Mole Day — An Explanation

Happy Mole Day!

For many of you, it’s likely you have no idea what a mole is. Sure you know of a mole as a raised piece of skin that’s darker than the surrounding area. You also know a mole as a small underground-dwelling insectivore. It’s possible you even know a mole is a type of spy. There’s even the kind of mole that you put on your food, but that’s pronounced differently. “Mole-ay” sauce, as it’s pronounced, is a dark-red/brown chili-based sauce used in Mexican dishes.

But there’s also the mole used in science. A mole, whose unit is simply mol (mole : mol :: kilogram : kg :: meter : m), is a unit of measure used almost exclusively in chemistry.

A mole (mol) is an amount of substance that contains as many particles* as there are atoms in exactly 12 grams of carbon-12.

*By particles, I mean atoms in a sample (such as C) or molecules in a sample (such as H2O).

So 1 mole of carbon has the same number of “particles” as 1 mole of anything else, be it water, sodium, or gold.

Now what is that number? The short answer is, it isn’t important. lol

The slightly longer answer is 6.02 x 10^23, which is called Avogadro’s number. Yes, it’s a HUGE number.

So if you have 1 mole of Carbon (pure carbon 12), it will weigh exactly 12 grams and will have 6.02 x 10^23 number of carbon atoms in it.

If you had a mole of water, it would have the same number of H2O molecules, but would weigh 18 grams (16 grams for the oxygens and 2 x 1 grams for the hydrogens).

So just as a dozen diamonds (made of carbon) would weigh a different amount as a dozen gallons of water, so does a mol of carbon weigh a different amount than a mol of water!

If at this point, you’ve missed what mole day could be celebrating, I will tell you that today is October 23rd. Otherwise known as 10/23, a magical part of Avogadro’s number. :-) So scientists and numerologists unite! And at 6:02 am and pm, particularly, celebrate.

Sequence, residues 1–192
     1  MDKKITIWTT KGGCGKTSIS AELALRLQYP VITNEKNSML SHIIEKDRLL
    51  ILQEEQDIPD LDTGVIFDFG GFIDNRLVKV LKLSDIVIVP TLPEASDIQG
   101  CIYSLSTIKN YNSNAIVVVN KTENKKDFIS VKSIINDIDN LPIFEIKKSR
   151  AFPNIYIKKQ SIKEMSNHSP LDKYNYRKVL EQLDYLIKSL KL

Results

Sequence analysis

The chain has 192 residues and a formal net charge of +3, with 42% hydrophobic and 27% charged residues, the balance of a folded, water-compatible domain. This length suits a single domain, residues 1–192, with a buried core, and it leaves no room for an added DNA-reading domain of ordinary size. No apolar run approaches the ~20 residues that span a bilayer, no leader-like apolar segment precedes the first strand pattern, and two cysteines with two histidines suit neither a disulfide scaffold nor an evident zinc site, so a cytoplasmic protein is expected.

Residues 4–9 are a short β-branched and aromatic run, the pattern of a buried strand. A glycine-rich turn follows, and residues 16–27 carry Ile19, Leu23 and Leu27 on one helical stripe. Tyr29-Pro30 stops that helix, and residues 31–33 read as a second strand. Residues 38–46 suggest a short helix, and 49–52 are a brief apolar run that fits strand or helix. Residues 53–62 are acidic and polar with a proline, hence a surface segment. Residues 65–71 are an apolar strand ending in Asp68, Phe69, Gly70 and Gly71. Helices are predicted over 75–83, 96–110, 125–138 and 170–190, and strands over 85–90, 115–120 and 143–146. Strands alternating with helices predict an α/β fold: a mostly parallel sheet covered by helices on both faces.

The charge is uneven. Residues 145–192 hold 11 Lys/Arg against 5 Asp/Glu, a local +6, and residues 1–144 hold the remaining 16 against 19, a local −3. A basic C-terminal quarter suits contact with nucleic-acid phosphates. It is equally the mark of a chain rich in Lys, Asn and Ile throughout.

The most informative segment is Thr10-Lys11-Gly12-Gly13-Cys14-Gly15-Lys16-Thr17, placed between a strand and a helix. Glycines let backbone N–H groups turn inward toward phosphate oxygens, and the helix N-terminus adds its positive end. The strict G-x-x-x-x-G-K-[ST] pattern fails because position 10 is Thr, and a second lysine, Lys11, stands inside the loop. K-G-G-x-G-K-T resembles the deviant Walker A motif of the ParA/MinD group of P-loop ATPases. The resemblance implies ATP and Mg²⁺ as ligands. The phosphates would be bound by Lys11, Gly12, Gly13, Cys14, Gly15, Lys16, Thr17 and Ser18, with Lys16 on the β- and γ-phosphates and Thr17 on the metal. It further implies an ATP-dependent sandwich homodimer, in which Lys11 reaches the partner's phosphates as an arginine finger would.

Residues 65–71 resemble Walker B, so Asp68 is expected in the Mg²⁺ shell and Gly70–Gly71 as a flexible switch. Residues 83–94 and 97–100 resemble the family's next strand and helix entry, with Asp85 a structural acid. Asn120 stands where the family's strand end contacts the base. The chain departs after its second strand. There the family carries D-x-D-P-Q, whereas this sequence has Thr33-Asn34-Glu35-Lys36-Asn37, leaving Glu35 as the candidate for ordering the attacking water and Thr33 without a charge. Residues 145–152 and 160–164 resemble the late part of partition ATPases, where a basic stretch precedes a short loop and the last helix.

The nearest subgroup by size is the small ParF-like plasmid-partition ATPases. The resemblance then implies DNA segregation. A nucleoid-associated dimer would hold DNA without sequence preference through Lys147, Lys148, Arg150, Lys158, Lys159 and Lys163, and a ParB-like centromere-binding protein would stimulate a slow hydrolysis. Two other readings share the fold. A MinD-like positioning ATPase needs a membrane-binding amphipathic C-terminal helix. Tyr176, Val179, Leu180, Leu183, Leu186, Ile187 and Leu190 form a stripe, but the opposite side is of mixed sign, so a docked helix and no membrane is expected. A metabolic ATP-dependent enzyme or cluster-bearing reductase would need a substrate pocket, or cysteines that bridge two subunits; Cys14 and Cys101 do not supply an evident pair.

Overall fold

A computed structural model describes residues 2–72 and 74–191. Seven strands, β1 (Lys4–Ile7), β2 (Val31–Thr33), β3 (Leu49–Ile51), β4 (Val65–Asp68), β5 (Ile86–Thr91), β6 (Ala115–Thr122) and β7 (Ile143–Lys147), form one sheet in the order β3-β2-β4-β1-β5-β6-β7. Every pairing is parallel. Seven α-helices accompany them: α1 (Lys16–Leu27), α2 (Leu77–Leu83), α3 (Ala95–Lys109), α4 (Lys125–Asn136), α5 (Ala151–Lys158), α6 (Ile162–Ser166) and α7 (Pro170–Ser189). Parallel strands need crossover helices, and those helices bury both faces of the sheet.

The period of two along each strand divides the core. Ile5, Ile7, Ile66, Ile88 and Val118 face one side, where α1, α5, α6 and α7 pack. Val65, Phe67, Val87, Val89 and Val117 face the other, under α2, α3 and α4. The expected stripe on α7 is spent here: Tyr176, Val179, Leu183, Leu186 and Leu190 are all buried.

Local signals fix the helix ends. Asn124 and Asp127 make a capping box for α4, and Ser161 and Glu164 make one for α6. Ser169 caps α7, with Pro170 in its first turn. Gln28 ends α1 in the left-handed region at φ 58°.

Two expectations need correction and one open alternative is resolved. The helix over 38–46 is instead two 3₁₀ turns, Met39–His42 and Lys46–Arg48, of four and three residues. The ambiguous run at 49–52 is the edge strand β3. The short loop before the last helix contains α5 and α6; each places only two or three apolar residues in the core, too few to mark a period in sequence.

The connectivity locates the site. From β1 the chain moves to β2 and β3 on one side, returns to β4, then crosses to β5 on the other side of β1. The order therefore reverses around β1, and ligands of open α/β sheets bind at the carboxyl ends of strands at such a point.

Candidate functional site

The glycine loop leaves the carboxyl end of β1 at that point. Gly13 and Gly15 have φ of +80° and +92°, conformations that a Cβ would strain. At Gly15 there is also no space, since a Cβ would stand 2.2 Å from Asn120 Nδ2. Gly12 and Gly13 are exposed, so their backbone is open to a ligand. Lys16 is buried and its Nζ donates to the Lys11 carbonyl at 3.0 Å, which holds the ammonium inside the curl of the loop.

Science Cards – Two Great Women

After a slew of business trips and a broken piece of software, I’ve finally got the latest–and last*???–science cards for you!

First up is Marie Curie, the first person honored with two Nobel Prizes!  Best known for her work as a pioneer in radioactivity, Curie had a distinguished career that included isolating radioactive isotopes, discovering two chemical elements (she even had one named after her!) and working to cure cancer with radiation. Continue reading

Another Nobel in The Roundup

The 2009 Chemistry Nobel Prize was awarded yesterday for work on identifying ribosome structure.  Whether you’re familiar with them or not, ribosomes are huge (in biology and in life–but not in size).  Basically the ribosome “reads” the DNA and makes proteins.  If DNA is the recipe of life, a ribosome is the chef.

And if that’s of no interest to you, how about bugs? Incredible Insect Macro Photography came across my Twitter feed and I thought you’d love to see these amazing images.

If you’re not following me, obviously you should be.  But why should you read AmoebaMike when you could be keeping up with the Kardashians or following Taylor Swift? (Yes, I <3 Taylor too.)  I read lots of science tweets and distill the very best stuff that I think the average person would find interesting.

I’m trying out this PicApp thing. Thoughts?
[picapp src=”d/7/3/0/Nobel_Peace_Prize_85da.jpg?adImageId=4882319&imageId=2993275″ width=”234″ height=”290″ /] [picapp src=”0/f/d/d/Tommy_Hilfiger_Spring_6aa7.jpg?adImageId=4882158&imageId=6531312″ width=”234″ height=”350″ /]


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